What is Canvas Model? Definition of Canvas Model, Canvas Model Meaning and Concept

The canvas model is the tool to analyze and create business models in a simplified way. It is displayed globally on a canvas divided into the main aspects that involve the business and revolves around the value proposition that is offered.

The canvas model is used to go from idea to project and translate our idea into a business model. It is a "living" model, that is, we modify it as it develops, we validate clients, new ideas arise... that is why are used to complete it.

Origin of the canvas model

The canvas model was created and designed by Dr. Alexander Osterwalder and more information can be found in his book “Generation of business models”. This model is integrated into the lean-startup methodology that is based on finding and promoting new ways of creating, delivering and capturing value for the client through validated learning.

Benefits of using the canvas model

1. Improve comprehension: Use visual tools. This methodology encourages the creative thinking of the workers who create the canvas.

2. Broad points of focus: In this model, a constant vision of the business model is maintained from different perspectives: commercial, market, distribution channels...

3. Strategic analysis: In just one sheet you can see all the elements of the canvas. A simple way to get the most out of this tool.

How to generate a canvas model?

It logically shows the interconnection between the 9 basic aspects of a business model. Below, we show how a canvas model should be completed, in what order, and what each section of the canvas means.

1. Customer segment

Detect the needs of the market, the client. Our focus is always the customer and we must guide the product to their needs and desires.

In order to identify our client, we must put ourselves in their shoes and analyze what they think, feel, see, hear, what their problems are and the benefits that our product/service can bring them.

We must respond to:

  • Who are we creating value for?
  • Who are our most important clients?

2. Value proposition

It is the key piece of the entire business model. The value proposition or competitive advantage is the reason why the customer is going to buy from us and not from another. This includes what makes our product/service different and innovative.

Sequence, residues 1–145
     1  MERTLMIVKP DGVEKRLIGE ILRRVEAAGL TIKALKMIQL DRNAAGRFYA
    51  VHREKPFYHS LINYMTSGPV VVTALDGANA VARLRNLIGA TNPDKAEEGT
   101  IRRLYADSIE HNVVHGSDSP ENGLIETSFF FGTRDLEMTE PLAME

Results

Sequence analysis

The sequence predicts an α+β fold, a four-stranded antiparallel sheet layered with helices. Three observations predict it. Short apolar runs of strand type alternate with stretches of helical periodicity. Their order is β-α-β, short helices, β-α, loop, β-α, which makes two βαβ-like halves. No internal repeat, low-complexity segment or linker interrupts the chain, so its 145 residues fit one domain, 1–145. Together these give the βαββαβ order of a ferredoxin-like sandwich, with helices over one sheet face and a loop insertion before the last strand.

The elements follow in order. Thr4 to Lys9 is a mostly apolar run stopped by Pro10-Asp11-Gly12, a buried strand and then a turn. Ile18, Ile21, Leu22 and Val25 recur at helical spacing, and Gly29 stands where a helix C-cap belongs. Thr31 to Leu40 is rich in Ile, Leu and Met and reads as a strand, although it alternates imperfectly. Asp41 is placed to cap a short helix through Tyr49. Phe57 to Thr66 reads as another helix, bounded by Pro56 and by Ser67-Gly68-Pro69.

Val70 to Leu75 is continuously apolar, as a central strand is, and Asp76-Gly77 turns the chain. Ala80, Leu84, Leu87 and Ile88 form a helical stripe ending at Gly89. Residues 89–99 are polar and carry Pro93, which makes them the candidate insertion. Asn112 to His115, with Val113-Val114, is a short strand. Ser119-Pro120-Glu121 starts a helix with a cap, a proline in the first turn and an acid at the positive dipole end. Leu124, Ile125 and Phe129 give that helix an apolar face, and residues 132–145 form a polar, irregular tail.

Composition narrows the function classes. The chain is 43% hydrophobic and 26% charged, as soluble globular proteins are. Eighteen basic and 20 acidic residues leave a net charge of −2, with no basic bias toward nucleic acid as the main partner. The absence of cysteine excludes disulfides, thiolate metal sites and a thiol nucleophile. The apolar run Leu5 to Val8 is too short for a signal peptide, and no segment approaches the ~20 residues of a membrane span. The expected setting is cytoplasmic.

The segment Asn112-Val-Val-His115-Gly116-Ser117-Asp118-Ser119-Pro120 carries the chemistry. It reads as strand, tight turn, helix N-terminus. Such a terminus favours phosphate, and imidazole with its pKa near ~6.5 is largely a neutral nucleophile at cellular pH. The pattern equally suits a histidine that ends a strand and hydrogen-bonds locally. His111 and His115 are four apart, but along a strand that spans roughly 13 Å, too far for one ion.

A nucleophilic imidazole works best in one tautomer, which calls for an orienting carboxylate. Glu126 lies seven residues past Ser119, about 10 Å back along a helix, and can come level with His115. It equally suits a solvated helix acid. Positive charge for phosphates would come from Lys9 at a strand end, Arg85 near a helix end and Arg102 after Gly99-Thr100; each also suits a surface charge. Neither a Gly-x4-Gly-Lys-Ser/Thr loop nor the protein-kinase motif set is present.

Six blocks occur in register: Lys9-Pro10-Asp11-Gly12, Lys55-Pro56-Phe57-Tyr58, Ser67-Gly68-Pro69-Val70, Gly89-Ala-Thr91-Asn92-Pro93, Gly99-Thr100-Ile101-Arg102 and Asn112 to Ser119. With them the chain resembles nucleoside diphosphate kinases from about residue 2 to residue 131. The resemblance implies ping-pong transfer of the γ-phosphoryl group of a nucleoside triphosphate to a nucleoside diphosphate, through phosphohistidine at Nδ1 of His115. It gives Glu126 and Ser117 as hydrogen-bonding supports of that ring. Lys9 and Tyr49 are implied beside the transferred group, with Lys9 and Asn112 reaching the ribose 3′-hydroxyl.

You can innovate in different aspects such as the revenue model, business alliances, production processes, product/service delivery, brand...

We must respond to:

  • What value are we delivering to our customers?
  • What problem do we solve?
  • What is the need we satisfy?
  • What type of product do we offer?

3. Channels

Once we have defined our clients and the value proposal that we offer them, we have to reach them. If they don't know us, they won't buy from us. Here we are going to define the distribution channels of the product or service.

We must respond to:

  • With what channels can we reach our customers?
  • Which channels work best?
  • Which of these channels are the most profitable?

4. Relationship with clients

We must communicate correctly with our clients and be aware of them. They are our central axis, so knowing how to define the relationship that we are going to have with each customer segment is essential for the success of a business.

We must respond to:

  • What is the relationship we have with each of our customer segments?
  • What kind of relationship do they expect?
  • How much does it cost?

5. Income stream

For a business to be profitable and for us to survive in the market, we have to think about how to monetize it? That is, where are we going to get the billing?

We must respond to:

  • What is our main line of income?
  • How will our customers pay?
  • What are our customers willing to pay for?

6. Key resources

Knowing what resources we have and those we must have to carry out our business activity is key when establishing the business plan. We must be cautious and prudent when defining these resources. We must always think about how to optimize them, that is, try to achieve the maximum possible productivity at the minimum cost.

We must respond to:

  • What essential resources does our value proposition require?

7. Key activities

To carry out the value proposition that we want to offer our customers, certain activities are necessary to prepare the product before it reaches the market. In other words, here we think about the core of our business, what we will do in our day to day.

We must respond to:

  • What core activity does our value proposition require?
  • What are our channels?
  • What are our sources of income?

8. Key allies

To carry out a business, it is essential to have allies. These allies can be;

A series of partners/collaborators: a good network of partners can help us reach the customer faster, backed by their reputation and experience.

Suppliers: those who provide us with the key resources to be able to offer the services/final product.

We must respond to:

  • Who are our key partners in the market?
  • Who are our suppliers?

9. Cost structure

Obviously, all this infrastructure has costs that we must pay and optimize. We must define what our priorities are and the fundamental expenses in the business from those that are not.

Having this structure very clear will help us not to deviate from the budgets and that the business fails due to financing problems.

We must respond to:

  • What are the most important costs within our business model?
  • Which key resources are the most expensive?
  • Which key activities are the most expensive?

Here we see a completed example of a canvas model for the well-known brand Coca-Cola. With these guidelines, you may already be able to start turning your idea into a business project.